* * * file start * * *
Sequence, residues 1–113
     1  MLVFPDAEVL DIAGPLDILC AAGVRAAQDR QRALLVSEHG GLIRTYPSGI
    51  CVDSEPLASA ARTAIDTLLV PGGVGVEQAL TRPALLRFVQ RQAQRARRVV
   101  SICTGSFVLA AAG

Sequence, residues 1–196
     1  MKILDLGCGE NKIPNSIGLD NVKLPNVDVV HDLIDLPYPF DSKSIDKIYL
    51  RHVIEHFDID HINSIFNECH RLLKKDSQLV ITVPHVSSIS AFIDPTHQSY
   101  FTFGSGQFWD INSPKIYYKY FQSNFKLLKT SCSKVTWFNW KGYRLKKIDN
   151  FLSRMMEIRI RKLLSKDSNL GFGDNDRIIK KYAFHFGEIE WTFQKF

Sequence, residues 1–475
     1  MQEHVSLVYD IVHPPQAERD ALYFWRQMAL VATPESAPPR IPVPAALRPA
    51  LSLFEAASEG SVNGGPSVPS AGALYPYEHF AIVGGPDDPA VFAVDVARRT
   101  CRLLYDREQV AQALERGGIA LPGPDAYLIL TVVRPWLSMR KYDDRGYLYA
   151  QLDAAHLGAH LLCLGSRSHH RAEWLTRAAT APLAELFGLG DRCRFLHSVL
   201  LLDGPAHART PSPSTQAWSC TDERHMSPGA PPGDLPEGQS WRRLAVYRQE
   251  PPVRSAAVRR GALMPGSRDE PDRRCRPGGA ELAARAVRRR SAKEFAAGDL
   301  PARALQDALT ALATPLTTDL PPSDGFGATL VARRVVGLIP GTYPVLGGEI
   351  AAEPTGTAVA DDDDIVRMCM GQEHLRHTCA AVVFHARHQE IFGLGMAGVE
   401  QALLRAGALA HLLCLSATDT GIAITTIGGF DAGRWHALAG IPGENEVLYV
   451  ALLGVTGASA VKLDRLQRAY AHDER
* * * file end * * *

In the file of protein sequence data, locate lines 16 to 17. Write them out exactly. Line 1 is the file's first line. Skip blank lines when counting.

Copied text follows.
   251  PPVRSAAVRR GALMPGSRDE PDRRCRPGGA ELAARAVRRR SAKEFAAGDL
   301  PARALQDALT ALATPLTTDL PPSDGFGATL VARRVVGLIP GTYPVLGGEI